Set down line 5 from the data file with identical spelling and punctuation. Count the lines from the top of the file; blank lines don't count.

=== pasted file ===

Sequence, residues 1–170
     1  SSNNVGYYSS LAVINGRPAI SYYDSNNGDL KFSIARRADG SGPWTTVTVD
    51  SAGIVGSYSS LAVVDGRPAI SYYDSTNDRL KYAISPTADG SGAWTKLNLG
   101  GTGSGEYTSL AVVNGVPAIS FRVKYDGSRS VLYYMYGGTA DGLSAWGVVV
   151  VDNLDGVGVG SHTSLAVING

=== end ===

   151  VDNLDGVGVG SHTSLAVING